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Frontal temporal dementia / pick's progressing

rosemouse

Registered User
Oct 12, 2015
7
My mum is 71 and has had pick's / frontal dementia for 5+ years. Her speech has been declining for a while but since lockdown really she doesn't talk any more. Before lockdown she was still able to go out by herself for walks (we live in a quiet suburb of london and it felt safe, she always did the same route, we used an apple watch to track her) so she could keep some independence for as long as possible. There were all these places she still loved to go to from her work days, and her carer who comes 5 days a week for a few hours to give my dad a break would take her there. But in lockdown we had to keep her in the house to stop her going out (she now tries to pick the lock with literally anything she can find, and walks past the door trying it every 15 mins or so). When lockdown lifted the carer tried to take her back to some of these places in the hope she's still be enthusiastic about them, but there was no recognition whatsoever. It feels like her world has shrunk rapidly.

She's still living at home with my dad, who is now a full time carer. I am the only family support for him living in the country (although he has some great friends) so I go over from the other side of London at least once a week to say hello and give him some normal adult conversation and am in touch a lot, and look after her when he needs a day off. Mum spends her days going from sitting at the kitchen table, to bed, for a dog walk with my dad, to back to the kitchen table. She no longer speaks at all. She no longer goes to the toilet by herself. When I looked after her for the day last week she had pooed in her tena pants, and I had to change her and shower her for the first time. Thank god she's oblivious to who I am and is placid (I understand not all pick's sufferers are) but it was just strange and upsetting doing that for your mother.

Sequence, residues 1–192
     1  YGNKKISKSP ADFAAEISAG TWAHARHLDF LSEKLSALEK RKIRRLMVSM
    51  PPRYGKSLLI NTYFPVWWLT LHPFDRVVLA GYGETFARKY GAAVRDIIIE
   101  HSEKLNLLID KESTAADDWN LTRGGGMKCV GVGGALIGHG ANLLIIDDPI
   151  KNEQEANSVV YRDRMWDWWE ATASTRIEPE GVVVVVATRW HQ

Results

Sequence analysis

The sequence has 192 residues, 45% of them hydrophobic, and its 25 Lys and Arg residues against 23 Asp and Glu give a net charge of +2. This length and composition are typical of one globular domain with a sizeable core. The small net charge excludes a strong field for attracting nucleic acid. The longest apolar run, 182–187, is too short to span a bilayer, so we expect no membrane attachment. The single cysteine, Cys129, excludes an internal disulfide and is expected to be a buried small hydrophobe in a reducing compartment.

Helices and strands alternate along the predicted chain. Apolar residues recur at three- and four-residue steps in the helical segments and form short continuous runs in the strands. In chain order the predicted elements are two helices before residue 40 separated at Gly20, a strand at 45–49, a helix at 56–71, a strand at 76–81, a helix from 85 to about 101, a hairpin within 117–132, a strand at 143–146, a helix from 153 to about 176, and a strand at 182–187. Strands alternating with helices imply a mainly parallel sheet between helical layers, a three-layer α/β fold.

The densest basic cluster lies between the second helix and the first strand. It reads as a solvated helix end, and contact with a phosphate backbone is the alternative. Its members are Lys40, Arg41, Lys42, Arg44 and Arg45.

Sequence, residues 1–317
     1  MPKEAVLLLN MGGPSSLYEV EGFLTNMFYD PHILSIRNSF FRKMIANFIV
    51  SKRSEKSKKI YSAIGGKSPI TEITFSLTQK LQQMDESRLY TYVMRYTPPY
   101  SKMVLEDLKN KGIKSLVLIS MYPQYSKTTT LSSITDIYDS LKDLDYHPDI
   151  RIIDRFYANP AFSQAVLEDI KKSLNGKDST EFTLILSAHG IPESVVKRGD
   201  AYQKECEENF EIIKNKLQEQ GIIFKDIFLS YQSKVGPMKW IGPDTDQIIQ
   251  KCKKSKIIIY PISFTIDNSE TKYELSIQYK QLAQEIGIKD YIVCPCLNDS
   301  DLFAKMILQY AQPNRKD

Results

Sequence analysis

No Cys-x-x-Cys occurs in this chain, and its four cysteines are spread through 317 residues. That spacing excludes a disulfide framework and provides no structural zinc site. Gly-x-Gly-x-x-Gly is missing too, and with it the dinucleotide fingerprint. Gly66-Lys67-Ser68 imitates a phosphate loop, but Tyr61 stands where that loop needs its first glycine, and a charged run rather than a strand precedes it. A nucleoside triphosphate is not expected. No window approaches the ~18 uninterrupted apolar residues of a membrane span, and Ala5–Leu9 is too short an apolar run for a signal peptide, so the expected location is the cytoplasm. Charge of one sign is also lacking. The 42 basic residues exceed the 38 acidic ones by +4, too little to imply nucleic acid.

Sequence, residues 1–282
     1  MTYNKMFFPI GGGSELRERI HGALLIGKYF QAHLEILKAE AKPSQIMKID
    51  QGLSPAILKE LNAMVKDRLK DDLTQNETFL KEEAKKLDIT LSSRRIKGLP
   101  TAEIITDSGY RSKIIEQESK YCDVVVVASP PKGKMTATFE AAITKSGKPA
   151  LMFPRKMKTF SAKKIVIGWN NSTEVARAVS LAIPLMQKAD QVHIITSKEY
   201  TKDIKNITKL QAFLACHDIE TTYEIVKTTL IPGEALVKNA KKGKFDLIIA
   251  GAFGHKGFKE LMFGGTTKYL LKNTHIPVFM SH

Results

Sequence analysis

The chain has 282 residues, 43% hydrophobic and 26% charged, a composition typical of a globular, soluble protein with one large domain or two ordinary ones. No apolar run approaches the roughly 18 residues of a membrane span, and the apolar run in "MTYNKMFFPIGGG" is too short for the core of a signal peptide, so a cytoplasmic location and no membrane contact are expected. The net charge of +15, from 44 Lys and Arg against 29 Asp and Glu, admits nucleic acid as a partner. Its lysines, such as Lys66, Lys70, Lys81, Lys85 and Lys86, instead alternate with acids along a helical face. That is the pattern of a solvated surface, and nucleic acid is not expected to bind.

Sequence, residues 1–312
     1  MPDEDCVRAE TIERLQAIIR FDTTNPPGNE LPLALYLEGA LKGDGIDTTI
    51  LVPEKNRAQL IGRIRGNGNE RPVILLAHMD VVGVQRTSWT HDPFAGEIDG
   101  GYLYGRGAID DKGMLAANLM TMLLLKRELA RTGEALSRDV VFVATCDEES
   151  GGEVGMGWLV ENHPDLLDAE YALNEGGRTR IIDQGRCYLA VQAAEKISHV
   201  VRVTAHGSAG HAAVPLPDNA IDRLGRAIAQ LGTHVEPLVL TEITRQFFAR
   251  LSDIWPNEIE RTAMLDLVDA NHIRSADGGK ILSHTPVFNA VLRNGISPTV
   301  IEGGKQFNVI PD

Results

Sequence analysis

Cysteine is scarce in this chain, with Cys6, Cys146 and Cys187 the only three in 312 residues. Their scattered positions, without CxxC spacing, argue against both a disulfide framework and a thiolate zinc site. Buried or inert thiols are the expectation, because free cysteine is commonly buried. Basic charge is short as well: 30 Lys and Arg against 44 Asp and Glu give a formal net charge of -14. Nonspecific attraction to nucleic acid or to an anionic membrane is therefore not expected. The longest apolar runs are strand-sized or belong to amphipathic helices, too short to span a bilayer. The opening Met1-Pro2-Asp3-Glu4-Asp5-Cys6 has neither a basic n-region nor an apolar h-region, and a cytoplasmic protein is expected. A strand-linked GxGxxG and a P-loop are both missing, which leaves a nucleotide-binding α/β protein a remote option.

I feel like I'm watching my mother disintegrate and trying to make all the normal mid 30s life choices without her thoughts or support. I feel sad about my fit healthy dad spending his retirement this way. My friends are all getting married and having kids, they can completely relate to others when they have family illnesses like cancer or deaths, or something tangible, or when their 80 y/o granddad got dementia. But it doesn't feel like anyone really understands the ongoing grief of steadily losing your parent like this when they're relatively young. Last year mum forgot who I was and recognition no longer clicked back, and it really affected me although I tried to carry on like everything was ok, but also tell people what was happening if they asked. At the same time I had to organise hen dos for friends and be bridesmaid, go to babyshowers; friends couldn't understand why I found it hard to be enthusiastic about being at these celebrations when inside sometimes it just feels terrible.

Anyway sorry for the long post. It just all feels overwhelming at times and I needed to vent somewhere that people will understand.
 

lemonbalm

Registered User
May 21, 2018
853
Hello @rosemouse . I'm sorry you are going through all this. It is tremendously hard watching our parent change like this. One of my saddest memories of mum, who is now in a care home, was taking her to the loo and her saying "I don't know what to do".

I am glad you have found the forum, as I don't think people who have not actually experienced dementia in a loved one can really understand what it is like. You will find a great deal of support and advice for you here. It's important to remember happy times with your mum and hold on to those memories. I recently went through old photographs of my mum, which was sad, but at the same time I think did me good to see her how she used to be.